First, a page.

He quizzed me enthusiastically regarding my mode of transport and the odd arrangement I was towing. He beamed at my tail, clearly a sympathetic soul who has had many adventures of his own. With a sparkle in his eyes and a bounce (albeit bent over) in his step, he wished me luck and went about his way.
Not one to dawdle, I made my way to Afrovibe Backpackers in Sedgefield straight after my morning surf. This backpacker is ideally positioned right next to the beach and adjacent to the PiliPili Bar and Restaurant. What more could I ask for? At the entrance to the restaurant, an amusing sign read, ‘Soup of the day, Tequila’.



Fortunately, Victoria Bay was only 32 km away. It is home to another world-class point break that peels off to the right, with rides of up to 150 m long. Surfing heaven! According to, big surf would be arriving in three days. Surfari Backpackers, a luxurious establishment, sits on top of an extremely steep hill just above Vic Bay. There was no chance of me cycling up this road. It’s either walking or thumbing my way to and from the beach. I chose the latter.

The three-day idle wait was worth it. Eight-foot bombs eventually exploded off the rocky point and screamed down the line towards the beach. The face of the wave was a bit choppy, thanks to cross-offshore winds. A sketchy take-off zone sucked dry and exposed bare barnacled rocks less than a metre to my left before the lip grabbed me and flung me down a wall of pure liquid hedonism.

The worst day on my bicycle was from Mossel Bay to Riversdale. I suffered 85 out of the 95 km in a relentless headwind. To take my mind off the burning in my legs, I would sing along to my iPod. This mind-over-matter technique inadvertently had the additional benefit of supplementing my protein intake, as my open mouth seemed to attract handfuls of flying bugs. The alternative being that even six-legged creatures would sacrifice themselves to shut me up.

Besides fighting the elements, I had relatively smooth sailing until my last day, as I was plagued with stomach cramps and flat tyres. My first puncture happened when I hit a cat-eye at 55km/h on Sir Lowry's Pass. Luckily, I didn’t have my trailer for the last two days, as my girlfriend had offered vehicle support from Swellendam. The summit of the pass is 420 m above sea level. On a clear day, you can look across the Cape Flats and see the South Peninsula. The crisp, cold water of False Bay looked extremely inviting as I dirtied my hands repairing my damaged tube.

My second deflated tyre occurred after I crashed into a road works sign that was in the middle of the shoulder just outside Gordon’s Bay. I had my head down and was mesmerised by the rolling tar, and didn’t bother to look up for some time. This sign was so blatantly visible that a blind man on the dark side of the moon would not have missed it. My knee instantly swelled to the size of a mini soccer ball. I was now out of 26-inch tubes and repair kits, and had to force a 20-inch tube (used on my trailer wheels) around my bicycle rim. After some swearing and bloody knuckles, I managed to fit the tube.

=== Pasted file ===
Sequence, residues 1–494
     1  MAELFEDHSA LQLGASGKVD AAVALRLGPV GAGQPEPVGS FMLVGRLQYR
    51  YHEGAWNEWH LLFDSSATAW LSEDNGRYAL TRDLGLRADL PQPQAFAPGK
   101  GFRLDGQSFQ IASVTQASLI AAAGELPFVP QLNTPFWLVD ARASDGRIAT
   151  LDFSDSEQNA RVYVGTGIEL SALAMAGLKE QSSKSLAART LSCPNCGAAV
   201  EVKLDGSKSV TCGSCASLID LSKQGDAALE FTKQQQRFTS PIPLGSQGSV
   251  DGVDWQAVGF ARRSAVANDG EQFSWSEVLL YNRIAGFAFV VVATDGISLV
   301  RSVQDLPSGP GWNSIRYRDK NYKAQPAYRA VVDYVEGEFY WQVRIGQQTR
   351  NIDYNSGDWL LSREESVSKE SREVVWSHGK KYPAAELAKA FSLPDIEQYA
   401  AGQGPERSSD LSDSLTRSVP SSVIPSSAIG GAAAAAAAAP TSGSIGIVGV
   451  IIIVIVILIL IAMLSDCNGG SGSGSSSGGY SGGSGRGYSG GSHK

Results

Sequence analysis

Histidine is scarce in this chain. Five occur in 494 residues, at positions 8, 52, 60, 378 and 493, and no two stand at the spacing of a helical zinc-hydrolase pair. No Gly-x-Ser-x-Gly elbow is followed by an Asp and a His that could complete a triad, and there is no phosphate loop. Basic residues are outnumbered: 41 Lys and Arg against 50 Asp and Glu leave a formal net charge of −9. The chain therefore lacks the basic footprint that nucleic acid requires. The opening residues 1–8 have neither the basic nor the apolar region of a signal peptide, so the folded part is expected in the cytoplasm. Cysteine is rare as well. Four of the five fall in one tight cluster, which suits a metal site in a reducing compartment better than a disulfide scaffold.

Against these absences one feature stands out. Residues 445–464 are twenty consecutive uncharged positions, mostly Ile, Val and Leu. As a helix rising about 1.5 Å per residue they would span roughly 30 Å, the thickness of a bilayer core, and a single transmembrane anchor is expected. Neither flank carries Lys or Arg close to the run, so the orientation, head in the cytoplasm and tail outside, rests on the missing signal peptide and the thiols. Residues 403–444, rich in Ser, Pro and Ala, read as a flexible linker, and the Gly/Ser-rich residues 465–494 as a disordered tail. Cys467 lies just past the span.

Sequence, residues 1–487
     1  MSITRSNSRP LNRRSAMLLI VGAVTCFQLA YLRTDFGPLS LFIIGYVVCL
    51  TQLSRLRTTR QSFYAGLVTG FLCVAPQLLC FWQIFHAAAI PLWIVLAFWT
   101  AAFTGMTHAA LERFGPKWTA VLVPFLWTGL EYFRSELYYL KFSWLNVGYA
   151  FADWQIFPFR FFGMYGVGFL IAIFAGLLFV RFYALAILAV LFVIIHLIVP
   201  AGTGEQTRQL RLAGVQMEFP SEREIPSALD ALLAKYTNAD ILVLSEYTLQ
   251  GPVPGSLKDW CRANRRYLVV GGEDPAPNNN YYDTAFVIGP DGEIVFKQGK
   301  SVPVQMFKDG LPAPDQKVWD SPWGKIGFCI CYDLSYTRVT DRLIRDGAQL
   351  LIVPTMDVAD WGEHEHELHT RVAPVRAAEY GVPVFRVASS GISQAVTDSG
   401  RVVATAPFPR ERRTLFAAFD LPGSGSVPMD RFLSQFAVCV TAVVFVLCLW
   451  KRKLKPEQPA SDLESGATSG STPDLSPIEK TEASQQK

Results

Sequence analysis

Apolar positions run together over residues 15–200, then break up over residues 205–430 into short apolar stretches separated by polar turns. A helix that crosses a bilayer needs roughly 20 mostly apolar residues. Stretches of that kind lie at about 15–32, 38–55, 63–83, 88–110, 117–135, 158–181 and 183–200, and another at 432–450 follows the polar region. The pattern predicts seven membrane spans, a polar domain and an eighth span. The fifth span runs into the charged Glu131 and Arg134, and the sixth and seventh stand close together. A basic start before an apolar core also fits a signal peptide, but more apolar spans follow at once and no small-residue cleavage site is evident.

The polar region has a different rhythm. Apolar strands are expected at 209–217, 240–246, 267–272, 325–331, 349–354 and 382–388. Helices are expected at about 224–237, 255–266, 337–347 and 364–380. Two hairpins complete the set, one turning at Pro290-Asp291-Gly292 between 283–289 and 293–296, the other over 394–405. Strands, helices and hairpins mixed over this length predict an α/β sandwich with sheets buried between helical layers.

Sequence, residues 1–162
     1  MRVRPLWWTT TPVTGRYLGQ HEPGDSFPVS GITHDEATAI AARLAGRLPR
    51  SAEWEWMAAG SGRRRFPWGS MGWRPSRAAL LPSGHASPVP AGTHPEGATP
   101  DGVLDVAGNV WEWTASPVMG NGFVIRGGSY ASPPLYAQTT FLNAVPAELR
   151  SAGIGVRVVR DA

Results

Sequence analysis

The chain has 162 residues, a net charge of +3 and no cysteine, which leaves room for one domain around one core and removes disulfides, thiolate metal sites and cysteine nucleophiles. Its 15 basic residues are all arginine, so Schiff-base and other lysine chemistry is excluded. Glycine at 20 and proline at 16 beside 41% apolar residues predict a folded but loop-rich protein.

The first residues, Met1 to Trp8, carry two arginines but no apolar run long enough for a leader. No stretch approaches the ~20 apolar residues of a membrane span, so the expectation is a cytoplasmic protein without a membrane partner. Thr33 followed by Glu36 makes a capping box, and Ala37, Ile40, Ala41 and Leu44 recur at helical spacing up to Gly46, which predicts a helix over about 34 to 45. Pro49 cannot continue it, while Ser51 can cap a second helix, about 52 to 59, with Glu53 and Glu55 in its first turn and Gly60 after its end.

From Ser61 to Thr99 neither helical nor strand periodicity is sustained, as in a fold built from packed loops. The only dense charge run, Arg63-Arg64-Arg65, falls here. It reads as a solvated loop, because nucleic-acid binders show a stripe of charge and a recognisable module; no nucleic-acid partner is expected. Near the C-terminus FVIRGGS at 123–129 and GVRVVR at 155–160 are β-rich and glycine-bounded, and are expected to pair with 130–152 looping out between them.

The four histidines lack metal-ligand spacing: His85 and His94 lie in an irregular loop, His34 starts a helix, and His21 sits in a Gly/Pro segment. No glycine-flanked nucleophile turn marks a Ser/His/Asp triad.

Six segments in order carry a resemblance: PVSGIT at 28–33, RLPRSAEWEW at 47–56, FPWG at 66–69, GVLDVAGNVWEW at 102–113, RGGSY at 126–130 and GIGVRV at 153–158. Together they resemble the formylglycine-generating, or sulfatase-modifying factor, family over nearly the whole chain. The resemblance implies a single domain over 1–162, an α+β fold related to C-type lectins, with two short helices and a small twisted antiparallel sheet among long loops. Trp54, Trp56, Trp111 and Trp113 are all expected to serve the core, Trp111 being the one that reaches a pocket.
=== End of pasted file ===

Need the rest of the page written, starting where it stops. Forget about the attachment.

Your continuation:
My third and last flat in front of Mitchells Plain nearly broke me; with a swollen knee, bruised ribs, and bloody knuckles, I was quickly losing my cool as I forced the undersized tube around my rim. Without the trailer, I cycled the 110km from Swellendam to Caledon in under five hours. My final 118 km from Caledon to Glen Cairn, a suburb between Simon’s Town and Fish Hoek, took me over eight hours to complete.

Somewhat broken but not beat, I arrived home to the excited bark of my two Jack Russells. The journey hadn’t been what most long-distance cyclists would consider epic. But, for a brief period, I’d become my childhood hero; an adventurer exploring new horizons in search of hidden treasure. The treasure? My ability to do it.

Travel info

The free Coast to Coast and Alternative Route pocket guides, available at most budget lodgings, proved invaluable to planning my overnight stays.

Get accurate wave forecasts for your local surf spot on or
Essential to preventing muscle injury is a proper bike set-up. Visit Trail and Tar in Tokai -

My favourite stops:

Best vibe: Cristal Cove Backpacker, Jeffreys Bay -
Best view: Stone Cottage Backpacker’s, Plettenberg Bay
Best surf: Surfari Backpackers, Victoria Bay -
Best burger: Marilyn’s 60s Diner, Storm’s River
Best pizza: Pizza Khaya, Plettenberg Bay

Checkpoints where I spent a night or more:

Jeffreys Bay - Storms River (108 km)
Storms River – Nature’s Valley (48 km)
Nature’s Valley – Plettenberg Bay (47 km)
Plettenberg Bay – Buffels Bay (56 km)
Buffels Bay – Sedgefield (26 km)
Sedgefield – Victoria Bay (32 km)
Victoria Bay – Mossel Bay (56 km)
Mossel Bay – Riversdale (95 km)
Riversdale – Swellendam (86 km)
Swellendam – Caledon (110 km)
Caledon – Glen Cairn (118 km)

For more adventure and travel writing, follow Sean on